Individual Polytheist religions may have their own sets of rules that govern their individual religions. Particularly for re-created, reconstructed, and actively emerging Polytheist religions (which is much though not all of what is being practiced here in the Western world), some participants may be in active dialogue with their individual Powers to bring forth such rules. One individual group or practitioner may find that part of their emerging religion includes requirements or suggestions from their gods to engage in social justice work, environmental protection activities, or other types of activities that the Blessed Powers themselves have asked or insisted that their devotees do in service to those Powers. Other traditions may have different rules and requirements. As with my above example from Judaism, individual sets of rules and requirements from any one religious tradition will only apply to folks who are participating in those specific religious traditions, and are not universal nor universalize-able. These may be tradition specific rules but are not in any way universal “polytheist” rules. We run ourselves into trouble when we try and push the rules of our individual traditions on other people’s traditions (whether we are trying to insist that all religions should include politics and activism, or we are trying to insist that none require such things). Polytheism as an umbrella concept does not include mandatory human-based community service, politics, nor activism. Polytheism as an umbrella concept also does not forbid nor preclude its inclusion. Because not all polytheisms are the same polytheism, and if we are going to attempt to support one another as an interfaith umbrella, we must operate from a baseline of respect.
Where do standards of community inclusion land in this vision? I personally refuse to invite white supremacist, racist, homophobic, transphobic, misogynistic polytheist groups into the communities where I am doing my work. People and groups who actively speak, act, or uphold certain beliefs that are toxic and harmful to me and other members of my community are not welcome to come to my groups, to participate in my classes, nor join my organizations. This does not mean that these individuals or groups are not polytheist. But it does mean that, for human reasons relating to respect and safety, I will not break bread with such folks. This is not about whether or not their beliefs or traditions are truly polytheist; this is about their human politics. Perhaps other polytheists don’t like nor respect parts of how I live my polytheist traditions, and they can choose not to break bread nor do polytheist interfaith religious organizing and advocacy work with me. As folks building interconnected community, we get to decide who we want to stand with, who we want to support, who we will allow to join our groups and attend our meetings. We get to set and enforce rules that will govern interactions and shape social mores within the communities in which we have influence, and I hope our communities will do so more consistently. Community standards are important and good, and some of us may have specific individual or tradition-wide rules developed in partnership with the other humans in the group or even with our Blessed Powers that require or forbid certain ways of interacting with others. For myself, my Gods insist on certain standards of hospitality. I do my best to follow those standards, both as a guest and as a host. So there are certain groups I will not attend, because the requirements I have around being a good guest are not possible for me to enact in those spaces. There are folks I will not have in my groups because part of my religious requirements as a host includes doing my best to keep my guests safe and treated with respect. But again, those are all rules governing groups, and may be in some cases religious requirements of specific traditions. These are not necessarily about how humans relate to the gods directly, nor are they universal to all polytheist traditions (though individual traditions or denominations or kindreds or groves or groups may choose to stand in closer alignment with other individual groups whose politics or rules are more similar to their own; that makes good sense and makes for stronger allies in many cases). Likewise, individual groups may choose to speak out against the politics of other groups because the politics or the rules are problematic; this does not make either group more or less authentically “polytheist”; these are human-realm issues and no less important for being human-based.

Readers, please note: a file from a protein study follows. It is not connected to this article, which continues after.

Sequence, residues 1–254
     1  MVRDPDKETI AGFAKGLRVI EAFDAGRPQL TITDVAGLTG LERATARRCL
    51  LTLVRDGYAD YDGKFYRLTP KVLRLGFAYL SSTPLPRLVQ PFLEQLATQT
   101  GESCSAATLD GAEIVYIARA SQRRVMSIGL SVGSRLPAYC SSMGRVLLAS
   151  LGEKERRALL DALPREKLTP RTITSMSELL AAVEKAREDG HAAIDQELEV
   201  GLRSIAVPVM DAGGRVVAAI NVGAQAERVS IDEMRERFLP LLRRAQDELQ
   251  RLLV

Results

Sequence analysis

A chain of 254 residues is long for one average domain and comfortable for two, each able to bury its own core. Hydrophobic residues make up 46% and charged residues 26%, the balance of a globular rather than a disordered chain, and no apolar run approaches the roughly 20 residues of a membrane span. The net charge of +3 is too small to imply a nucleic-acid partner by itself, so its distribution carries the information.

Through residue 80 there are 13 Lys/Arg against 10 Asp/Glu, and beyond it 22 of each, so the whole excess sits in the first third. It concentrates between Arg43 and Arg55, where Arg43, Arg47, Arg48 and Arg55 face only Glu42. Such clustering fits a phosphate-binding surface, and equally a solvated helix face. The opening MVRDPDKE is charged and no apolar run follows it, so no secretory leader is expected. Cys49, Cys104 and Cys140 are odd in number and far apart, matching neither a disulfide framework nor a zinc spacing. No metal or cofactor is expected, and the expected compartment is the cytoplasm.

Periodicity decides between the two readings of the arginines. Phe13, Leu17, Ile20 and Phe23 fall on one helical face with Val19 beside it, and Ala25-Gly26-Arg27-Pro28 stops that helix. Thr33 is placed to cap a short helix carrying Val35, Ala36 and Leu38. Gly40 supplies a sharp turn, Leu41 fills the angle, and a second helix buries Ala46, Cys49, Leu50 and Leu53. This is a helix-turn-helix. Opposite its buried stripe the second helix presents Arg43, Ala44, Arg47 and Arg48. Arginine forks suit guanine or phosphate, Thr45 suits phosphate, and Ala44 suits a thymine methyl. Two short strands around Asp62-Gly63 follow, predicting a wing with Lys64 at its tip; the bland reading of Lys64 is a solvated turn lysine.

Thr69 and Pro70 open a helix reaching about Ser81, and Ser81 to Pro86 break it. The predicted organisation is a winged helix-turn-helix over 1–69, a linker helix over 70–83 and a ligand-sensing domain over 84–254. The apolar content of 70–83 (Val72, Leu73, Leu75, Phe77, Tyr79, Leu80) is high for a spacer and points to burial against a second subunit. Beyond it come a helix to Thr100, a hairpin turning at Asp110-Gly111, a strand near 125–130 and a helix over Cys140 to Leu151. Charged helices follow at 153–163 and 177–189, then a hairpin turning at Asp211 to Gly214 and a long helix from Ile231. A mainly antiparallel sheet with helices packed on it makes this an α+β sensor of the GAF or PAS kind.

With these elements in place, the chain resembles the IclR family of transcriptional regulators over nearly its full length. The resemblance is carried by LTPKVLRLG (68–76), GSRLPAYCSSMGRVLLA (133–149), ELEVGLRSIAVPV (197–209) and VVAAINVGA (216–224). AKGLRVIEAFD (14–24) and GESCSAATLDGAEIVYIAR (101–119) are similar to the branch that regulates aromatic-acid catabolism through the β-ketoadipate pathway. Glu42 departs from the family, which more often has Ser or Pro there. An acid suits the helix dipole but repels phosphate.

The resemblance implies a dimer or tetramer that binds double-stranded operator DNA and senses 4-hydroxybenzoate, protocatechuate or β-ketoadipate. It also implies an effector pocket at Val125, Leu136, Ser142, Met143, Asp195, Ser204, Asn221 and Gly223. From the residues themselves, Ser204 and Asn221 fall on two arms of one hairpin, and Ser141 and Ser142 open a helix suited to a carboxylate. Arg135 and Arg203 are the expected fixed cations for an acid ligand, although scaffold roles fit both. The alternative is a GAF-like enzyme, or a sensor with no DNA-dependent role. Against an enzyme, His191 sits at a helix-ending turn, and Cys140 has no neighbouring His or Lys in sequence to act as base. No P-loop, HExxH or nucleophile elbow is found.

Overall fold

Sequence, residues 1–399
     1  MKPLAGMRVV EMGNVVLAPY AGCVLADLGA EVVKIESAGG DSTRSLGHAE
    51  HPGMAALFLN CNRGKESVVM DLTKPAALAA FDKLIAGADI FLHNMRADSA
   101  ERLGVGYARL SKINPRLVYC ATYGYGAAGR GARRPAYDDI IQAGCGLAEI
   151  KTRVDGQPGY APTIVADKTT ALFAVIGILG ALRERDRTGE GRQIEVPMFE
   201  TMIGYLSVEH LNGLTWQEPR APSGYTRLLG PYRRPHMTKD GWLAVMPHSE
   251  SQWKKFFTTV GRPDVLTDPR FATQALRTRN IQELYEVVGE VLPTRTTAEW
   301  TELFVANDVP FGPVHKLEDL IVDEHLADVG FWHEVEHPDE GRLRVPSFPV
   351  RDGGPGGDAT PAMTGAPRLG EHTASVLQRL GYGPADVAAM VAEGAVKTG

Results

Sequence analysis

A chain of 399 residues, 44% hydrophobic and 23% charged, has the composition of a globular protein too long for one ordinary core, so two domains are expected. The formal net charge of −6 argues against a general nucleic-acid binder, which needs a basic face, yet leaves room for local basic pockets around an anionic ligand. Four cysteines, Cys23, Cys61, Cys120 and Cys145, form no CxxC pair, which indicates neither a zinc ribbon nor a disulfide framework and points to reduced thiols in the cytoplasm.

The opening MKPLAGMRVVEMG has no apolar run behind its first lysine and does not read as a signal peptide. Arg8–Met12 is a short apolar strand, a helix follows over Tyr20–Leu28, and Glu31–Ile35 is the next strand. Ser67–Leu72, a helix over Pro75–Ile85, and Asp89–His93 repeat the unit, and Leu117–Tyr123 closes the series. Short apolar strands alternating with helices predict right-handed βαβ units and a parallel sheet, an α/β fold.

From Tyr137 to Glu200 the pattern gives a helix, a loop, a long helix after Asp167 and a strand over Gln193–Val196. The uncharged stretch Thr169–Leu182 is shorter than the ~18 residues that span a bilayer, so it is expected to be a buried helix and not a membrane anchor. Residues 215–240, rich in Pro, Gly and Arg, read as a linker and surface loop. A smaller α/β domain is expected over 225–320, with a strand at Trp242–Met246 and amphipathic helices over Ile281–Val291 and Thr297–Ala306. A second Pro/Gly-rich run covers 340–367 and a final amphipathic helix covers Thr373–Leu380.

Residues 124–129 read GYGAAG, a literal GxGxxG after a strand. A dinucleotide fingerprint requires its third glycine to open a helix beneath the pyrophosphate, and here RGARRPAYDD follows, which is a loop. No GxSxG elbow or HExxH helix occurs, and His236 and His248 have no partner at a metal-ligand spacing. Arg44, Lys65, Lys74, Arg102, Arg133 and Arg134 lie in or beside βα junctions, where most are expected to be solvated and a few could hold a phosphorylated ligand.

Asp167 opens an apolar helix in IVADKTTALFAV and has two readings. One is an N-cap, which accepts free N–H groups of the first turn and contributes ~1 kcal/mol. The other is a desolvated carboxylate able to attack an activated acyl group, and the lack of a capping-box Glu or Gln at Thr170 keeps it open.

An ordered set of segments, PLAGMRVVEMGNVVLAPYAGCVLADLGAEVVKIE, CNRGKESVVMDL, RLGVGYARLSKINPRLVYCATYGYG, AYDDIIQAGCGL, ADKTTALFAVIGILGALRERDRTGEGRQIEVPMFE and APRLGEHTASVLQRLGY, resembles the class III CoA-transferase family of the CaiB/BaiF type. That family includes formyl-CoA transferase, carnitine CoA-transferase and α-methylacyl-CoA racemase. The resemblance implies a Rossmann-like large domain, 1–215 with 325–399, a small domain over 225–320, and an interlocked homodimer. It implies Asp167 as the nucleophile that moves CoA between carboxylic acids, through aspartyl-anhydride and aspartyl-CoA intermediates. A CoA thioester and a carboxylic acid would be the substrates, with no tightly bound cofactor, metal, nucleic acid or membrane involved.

I am glad that folks are wrestling with their polytheisms. I am glad folks are asking themselves and one another hard questions about the development of polytheist community standards, who will be included under which umbrella etc. I think the wrestling is the sign of healthy communities, made up of folks who love their gods and their traditions enough to fight passionately about them. I do wish folks would get more clear about which parts are individual tradition-based versus polytheism-wide issues. I do wish we would stop with the personal attacks. And I am looking forward to the conversations returning to how we can best worship our gods, serve our communities, and live our polytheist traditions.